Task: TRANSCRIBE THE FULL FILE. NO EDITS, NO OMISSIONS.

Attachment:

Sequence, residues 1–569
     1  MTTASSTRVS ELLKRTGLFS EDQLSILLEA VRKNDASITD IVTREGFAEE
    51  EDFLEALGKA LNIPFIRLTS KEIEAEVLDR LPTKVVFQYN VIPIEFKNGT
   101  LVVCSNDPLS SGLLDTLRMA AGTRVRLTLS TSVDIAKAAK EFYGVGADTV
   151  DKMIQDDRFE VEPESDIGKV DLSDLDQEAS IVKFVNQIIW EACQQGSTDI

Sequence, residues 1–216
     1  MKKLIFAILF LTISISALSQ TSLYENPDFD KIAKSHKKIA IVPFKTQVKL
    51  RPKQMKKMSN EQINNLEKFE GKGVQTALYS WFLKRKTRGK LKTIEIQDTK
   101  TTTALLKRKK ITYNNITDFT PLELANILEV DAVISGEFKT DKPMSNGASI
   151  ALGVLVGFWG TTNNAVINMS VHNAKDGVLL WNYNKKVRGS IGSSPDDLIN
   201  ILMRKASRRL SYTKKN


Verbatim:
Sequence, residues 1–569
     1  MTTASSTRVS ELLKRTGLFS EDQLSILLEA VRKNDASITD IVTREGFAEE
    51  EDFLEALGKA LNIPFIRLTS KEIEAEVLDR LPTKVVFQYN VIPIEFKNGT
   101  LVVCSNDPLS SGLLDTLRMA AGTRVRLTLS TSVDIAKAAK EFYGVGADTV
   151  DKMIQDDRFE VEPESDIGKV DLSDLDQEAS IVKFVNQIIW EACQQGSTDI

Sequence, residues 1–216
     1  MKKLIFAILF LTISISALSQ TSLYENPDFD KIAKSHKKIA IVPFKTQVKL
    51  RPKQMKKMSN EQINNLEKFE GKGVQTALYS WFLKRKTRGK LKTIEIQDTK
   101  TTTALLKRKK ITYNNITDFT PLELANILEV DAVISGEFKT DKPMSNGASI
   151  ALGVLVGFWG TTNNAVINMS VHNAKDGVLL WNYNKKVRGS IGSSPDDLIN
   201  ILMRKASRRL SYTKKN